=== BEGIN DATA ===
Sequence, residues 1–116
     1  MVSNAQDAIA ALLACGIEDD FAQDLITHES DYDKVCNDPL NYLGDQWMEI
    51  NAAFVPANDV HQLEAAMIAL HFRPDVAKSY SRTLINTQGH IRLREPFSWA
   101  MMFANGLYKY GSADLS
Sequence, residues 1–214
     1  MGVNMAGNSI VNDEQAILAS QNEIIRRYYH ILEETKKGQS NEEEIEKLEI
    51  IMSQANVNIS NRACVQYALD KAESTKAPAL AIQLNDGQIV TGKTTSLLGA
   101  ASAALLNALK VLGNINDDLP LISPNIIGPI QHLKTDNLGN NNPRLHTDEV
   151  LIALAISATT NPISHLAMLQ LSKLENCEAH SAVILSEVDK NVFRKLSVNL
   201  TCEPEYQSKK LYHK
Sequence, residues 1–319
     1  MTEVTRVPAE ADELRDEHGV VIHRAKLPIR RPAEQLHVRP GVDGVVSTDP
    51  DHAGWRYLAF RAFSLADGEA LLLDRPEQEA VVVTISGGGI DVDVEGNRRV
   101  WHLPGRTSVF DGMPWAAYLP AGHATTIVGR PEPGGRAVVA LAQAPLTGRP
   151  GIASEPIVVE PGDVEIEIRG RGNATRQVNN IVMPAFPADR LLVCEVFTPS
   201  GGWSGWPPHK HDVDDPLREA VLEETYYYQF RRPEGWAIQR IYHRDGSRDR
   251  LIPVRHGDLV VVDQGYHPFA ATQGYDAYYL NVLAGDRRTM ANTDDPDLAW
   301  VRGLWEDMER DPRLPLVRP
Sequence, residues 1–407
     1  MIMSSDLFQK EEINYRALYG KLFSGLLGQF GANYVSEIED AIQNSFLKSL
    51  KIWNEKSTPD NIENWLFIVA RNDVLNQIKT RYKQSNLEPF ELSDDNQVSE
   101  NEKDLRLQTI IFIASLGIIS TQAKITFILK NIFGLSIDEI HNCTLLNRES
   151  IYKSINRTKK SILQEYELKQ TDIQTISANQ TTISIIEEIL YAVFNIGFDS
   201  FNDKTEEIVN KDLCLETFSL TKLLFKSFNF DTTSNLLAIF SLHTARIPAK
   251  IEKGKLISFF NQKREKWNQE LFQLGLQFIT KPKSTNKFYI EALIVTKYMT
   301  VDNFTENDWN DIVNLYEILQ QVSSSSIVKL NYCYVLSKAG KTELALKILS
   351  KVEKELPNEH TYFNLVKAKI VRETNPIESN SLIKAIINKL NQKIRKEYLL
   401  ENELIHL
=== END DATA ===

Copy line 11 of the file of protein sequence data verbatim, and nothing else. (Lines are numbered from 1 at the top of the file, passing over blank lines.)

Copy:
Sequence, residues 1–319